Sunday, March 22, 2009

Why must everything be such a circus?

Appearing on NBC's "The Tonight Show" Thursday, the president told host Jay Leno he'd been practicing at the White House's bowling alley but wasn't happy with his score of 129. Then he remarked: "It was like the Special Olympics or something."MSNBC

Even when I first encountered the Special Olympics—when I was a teenager in the early 70s—it struck me as misguided and disrespectful. On TV, I'd see intellectually challenged kids running down a track while parents and onlookers cheered. I'd see kids at awards ceremonies receiving ribbons and applause as though they had won something, when, in fact, some of them had come in last. The kids beamed, many of them uncomprehending.

The scene was disturbing to me. Everyone there knows what’s going on, I thought. Everyone except some of these kids. Nobody means to ridicule them of course. Nevertheless, in reality (thought I), this is a game of pretend, and the only people fooled are the kids.

It hasn’t helped that, over the years, the Special Olympics movement seems to have overlapped (in its philosophy) with the uncommonsensical and counter-productive (and largely discredited) “self-esteem” movement. The latter is a good example of how well meaning but gullible and trendoid people can screw things up. Yes, self-esteem is a good thing. But detaching it from virtuous striving is a very bad thing. That's the great and consequential sin of the "self-esteem" crusade.


That’s one of my beefs with the Special Olympics. It seems designed by people who get the moral cart before the horse, or maybe the moral apple before the orange. To them (it seems), it's all about the highly valuable experience of winning, which, for them, is the same thing as achievement.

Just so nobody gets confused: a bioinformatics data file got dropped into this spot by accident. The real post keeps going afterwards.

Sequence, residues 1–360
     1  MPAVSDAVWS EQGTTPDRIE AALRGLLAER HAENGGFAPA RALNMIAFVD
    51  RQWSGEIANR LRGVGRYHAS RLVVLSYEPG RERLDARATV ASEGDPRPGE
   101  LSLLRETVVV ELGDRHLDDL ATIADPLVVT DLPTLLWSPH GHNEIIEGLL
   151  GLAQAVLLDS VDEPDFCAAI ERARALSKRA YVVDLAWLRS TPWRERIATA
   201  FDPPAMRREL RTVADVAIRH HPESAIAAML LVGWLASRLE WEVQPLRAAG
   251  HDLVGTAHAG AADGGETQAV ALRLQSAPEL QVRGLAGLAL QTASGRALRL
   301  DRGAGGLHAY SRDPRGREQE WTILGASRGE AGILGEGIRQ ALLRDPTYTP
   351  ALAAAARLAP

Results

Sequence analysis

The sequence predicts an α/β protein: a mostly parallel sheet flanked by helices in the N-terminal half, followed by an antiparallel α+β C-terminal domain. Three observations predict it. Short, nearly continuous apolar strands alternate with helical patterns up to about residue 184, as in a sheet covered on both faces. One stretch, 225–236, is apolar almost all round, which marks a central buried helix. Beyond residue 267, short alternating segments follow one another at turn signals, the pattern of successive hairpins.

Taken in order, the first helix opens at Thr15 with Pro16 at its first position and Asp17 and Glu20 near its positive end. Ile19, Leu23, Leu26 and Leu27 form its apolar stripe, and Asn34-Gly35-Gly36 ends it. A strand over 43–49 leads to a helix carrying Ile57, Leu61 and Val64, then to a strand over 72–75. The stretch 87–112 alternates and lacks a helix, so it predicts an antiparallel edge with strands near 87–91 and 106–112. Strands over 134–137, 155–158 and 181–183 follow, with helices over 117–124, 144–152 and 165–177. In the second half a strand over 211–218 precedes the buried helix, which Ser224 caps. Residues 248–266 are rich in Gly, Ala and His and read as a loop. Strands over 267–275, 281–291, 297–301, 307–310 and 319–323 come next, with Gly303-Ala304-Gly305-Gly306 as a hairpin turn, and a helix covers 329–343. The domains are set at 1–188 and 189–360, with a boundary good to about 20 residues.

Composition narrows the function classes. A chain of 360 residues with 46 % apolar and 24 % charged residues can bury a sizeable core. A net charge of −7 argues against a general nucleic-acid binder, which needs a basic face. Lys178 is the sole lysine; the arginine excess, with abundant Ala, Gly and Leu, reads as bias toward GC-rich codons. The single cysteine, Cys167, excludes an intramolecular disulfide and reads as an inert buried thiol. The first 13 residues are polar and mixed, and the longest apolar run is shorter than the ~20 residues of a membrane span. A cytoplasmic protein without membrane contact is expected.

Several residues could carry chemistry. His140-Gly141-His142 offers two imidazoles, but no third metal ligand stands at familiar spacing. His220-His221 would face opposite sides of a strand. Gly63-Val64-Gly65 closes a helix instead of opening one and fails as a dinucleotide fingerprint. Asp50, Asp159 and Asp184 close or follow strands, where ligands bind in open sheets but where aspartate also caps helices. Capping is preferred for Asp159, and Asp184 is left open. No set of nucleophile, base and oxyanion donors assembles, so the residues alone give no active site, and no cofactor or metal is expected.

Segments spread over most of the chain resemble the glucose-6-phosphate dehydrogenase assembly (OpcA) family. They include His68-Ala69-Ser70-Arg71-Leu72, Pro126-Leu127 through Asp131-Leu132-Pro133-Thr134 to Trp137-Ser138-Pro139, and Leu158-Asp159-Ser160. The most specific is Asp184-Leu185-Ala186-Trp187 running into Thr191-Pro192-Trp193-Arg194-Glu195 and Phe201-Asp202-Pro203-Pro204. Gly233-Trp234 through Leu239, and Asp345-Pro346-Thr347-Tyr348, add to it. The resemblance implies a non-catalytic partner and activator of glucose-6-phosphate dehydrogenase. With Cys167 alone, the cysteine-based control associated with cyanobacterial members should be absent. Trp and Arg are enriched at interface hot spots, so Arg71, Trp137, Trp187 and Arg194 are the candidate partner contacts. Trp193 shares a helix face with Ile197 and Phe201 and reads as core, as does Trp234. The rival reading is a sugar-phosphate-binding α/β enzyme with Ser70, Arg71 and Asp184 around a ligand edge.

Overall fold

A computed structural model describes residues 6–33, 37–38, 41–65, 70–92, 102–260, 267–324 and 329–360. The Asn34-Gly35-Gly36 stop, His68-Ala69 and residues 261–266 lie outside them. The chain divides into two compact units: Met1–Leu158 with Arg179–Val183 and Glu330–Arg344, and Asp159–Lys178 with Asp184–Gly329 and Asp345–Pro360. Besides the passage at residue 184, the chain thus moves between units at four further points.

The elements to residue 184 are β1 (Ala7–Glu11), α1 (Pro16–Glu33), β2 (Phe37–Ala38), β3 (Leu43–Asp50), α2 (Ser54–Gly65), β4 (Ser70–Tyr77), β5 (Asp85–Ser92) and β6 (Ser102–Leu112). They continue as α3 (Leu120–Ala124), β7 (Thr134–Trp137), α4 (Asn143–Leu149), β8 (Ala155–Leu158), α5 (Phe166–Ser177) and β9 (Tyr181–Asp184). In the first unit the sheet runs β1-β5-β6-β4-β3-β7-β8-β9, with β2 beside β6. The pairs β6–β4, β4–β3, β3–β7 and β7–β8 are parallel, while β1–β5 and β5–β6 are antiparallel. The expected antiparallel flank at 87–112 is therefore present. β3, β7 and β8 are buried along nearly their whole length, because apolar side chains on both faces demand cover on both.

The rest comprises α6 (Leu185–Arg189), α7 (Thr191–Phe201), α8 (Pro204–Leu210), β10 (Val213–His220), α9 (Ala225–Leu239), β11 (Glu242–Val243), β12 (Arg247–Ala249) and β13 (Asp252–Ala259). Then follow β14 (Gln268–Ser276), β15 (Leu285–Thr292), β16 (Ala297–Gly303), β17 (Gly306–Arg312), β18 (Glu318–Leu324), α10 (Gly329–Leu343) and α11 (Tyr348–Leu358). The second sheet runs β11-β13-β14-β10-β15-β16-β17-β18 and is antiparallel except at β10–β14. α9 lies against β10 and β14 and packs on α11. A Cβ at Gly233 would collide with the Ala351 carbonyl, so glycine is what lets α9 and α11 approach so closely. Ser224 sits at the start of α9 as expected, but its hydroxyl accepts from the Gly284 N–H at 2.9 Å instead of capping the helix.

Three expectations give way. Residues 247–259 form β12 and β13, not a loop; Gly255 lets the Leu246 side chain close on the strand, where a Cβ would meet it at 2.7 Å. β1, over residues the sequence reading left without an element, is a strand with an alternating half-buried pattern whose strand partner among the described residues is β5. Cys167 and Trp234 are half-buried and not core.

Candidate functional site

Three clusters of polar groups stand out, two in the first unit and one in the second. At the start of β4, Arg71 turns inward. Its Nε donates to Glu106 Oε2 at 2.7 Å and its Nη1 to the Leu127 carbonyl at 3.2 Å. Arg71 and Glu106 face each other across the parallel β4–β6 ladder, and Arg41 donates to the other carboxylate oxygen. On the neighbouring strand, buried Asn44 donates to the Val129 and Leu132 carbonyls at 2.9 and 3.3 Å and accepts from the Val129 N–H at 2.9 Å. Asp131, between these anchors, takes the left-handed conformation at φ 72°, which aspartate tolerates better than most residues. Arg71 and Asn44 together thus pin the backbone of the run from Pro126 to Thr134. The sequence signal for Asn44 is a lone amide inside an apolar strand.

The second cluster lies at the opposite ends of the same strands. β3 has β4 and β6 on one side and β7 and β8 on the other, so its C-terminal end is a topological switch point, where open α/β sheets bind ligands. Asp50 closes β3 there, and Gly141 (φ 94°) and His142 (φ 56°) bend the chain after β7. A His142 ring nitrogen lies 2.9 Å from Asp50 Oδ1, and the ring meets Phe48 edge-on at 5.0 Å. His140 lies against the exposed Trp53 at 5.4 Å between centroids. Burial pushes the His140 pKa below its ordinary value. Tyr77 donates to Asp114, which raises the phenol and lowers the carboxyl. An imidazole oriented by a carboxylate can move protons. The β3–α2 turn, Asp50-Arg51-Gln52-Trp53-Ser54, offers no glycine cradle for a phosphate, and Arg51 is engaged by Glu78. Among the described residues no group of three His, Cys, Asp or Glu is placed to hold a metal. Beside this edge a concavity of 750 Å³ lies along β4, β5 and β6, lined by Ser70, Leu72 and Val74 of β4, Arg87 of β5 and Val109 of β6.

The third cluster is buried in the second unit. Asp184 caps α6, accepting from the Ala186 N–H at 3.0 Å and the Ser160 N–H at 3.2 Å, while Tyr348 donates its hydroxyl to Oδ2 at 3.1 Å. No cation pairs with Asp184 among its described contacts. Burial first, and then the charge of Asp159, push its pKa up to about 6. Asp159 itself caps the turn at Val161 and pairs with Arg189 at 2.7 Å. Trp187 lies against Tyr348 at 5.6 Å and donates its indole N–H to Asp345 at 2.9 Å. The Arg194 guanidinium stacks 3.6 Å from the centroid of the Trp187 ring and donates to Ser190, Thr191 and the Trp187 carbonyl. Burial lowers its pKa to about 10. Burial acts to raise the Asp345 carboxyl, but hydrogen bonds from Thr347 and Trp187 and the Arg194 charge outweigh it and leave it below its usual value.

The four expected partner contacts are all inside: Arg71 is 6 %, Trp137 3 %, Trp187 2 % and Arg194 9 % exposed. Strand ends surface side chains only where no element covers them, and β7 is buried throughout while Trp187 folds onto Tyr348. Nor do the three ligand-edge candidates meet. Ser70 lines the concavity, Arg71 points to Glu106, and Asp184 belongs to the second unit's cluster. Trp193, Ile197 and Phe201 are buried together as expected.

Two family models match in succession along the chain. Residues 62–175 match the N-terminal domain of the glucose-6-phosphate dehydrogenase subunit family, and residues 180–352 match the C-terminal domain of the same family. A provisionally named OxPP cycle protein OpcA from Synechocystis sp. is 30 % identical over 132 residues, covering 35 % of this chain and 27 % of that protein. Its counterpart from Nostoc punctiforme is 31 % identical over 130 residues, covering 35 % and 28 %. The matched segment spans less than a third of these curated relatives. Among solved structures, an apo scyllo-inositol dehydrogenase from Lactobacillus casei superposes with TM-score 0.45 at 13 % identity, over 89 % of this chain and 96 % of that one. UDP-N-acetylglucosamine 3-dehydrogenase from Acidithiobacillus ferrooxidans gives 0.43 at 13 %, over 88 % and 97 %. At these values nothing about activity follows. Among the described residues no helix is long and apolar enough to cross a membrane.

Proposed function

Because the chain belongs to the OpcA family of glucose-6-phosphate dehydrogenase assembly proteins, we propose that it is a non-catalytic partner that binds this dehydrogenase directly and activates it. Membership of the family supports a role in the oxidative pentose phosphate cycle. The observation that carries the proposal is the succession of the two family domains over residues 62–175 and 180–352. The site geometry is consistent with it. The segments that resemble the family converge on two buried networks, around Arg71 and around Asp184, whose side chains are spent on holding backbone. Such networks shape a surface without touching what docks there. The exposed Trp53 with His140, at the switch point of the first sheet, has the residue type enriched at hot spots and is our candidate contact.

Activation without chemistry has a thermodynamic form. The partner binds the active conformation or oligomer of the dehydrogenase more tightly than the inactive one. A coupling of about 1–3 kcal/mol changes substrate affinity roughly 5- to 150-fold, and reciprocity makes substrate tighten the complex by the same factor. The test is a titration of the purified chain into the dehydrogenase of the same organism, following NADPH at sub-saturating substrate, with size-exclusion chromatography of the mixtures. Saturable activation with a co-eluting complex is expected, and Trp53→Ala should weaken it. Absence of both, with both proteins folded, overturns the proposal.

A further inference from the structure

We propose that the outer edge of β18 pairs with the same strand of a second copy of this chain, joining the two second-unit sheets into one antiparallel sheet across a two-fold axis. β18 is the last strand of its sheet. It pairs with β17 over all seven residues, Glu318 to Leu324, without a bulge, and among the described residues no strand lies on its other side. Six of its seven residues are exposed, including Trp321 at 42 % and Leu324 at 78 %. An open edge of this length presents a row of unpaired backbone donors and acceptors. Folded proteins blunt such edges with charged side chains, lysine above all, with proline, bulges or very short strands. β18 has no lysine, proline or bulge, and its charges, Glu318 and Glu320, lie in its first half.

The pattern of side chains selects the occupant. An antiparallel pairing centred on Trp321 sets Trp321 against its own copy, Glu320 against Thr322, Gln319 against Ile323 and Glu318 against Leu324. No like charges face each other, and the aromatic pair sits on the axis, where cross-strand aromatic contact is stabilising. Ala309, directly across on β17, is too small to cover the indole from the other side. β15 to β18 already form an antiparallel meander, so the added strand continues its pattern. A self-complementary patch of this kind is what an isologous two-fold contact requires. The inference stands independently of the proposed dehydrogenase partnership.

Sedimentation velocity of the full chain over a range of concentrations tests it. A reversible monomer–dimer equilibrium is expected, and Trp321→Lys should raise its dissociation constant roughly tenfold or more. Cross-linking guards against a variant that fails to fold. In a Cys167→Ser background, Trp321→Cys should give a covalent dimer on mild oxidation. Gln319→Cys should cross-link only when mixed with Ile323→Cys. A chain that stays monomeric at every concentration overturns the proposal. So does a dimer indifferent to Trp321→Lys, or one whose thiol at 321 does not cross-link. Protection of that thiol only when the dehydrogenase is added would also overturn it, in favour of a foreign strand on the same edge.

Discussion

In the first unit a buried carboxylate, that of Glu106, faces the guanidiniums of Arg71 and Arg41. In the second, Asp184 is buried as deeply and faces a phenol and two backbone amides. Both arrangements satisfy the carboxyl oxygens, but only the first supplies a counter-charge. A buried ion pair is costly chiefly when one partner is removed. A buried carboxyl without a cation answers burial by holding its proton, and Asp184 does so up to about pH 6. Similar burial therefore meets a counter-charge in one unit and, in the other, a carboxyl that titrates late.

I can’t make sense of that. —On the other hand, maybe these games are not really about competition and achievement.

The Special Olympics people do seem to think that they are about competition and achievement. But sometimes they seem of two minds about that. For instance, at their website, they provide a list of values and principles, including this one: “At every awards ceremony, in addition to the traditional medals for first, second and third places, athletes finishing from fourth to last place are presented a suitable place ribbon with appropriate ceremony.”

A charitable read of this is: any kid who shows up and competes has already achieved much. And so he/she deserves recognition.

No doubt, many of these kids did strive to do better in their event. But surely some did not. And some barely understand what the games are about.

If the point of Special Olympics is not really to employ such concepts as “competition,” “achievement” and “honor” but rather to put these kids through a pleasant experience that will somehow benefit them—well, I suppose then I’d rethink my objections. But I have my doubts about that empirical claim. It should be tested, of course.

Or maybe the point is that, apart from what it does for or to the athletes, the Special Olympics causes the public to be more understanding and accepting of these kids. That's a noble goal. But do we have any reason to be confident that the claim is true? What if it is false? What if the Special Olympics causes people's attitudes to get worse?

Competition, of course, is as American as artificially apple-flavored pie. Is it a good thing? I suppose it’s a good thing that we honor those who run the fastest or who remember how to spell the most words.

Well, no. On its face, that seems idiotic to me.

It’s good that we honor achievement, when, that is, what is achieved has some sort of meaning. The ability to spell even esoteric words has no meaning. And the ability to run faster or jump higher than everyone else—well, what can I say?

We like to see people striving for something worthwhile and, through effort and virtue, achieving it. And I suppose that struggling (through work and virtue—as opposed to, say, taking a drug or undergoing a surgery) to run fast or spell unusual words—prima facie meaningless things—can be a kind of preparation for or introduction to more meaningful strivings.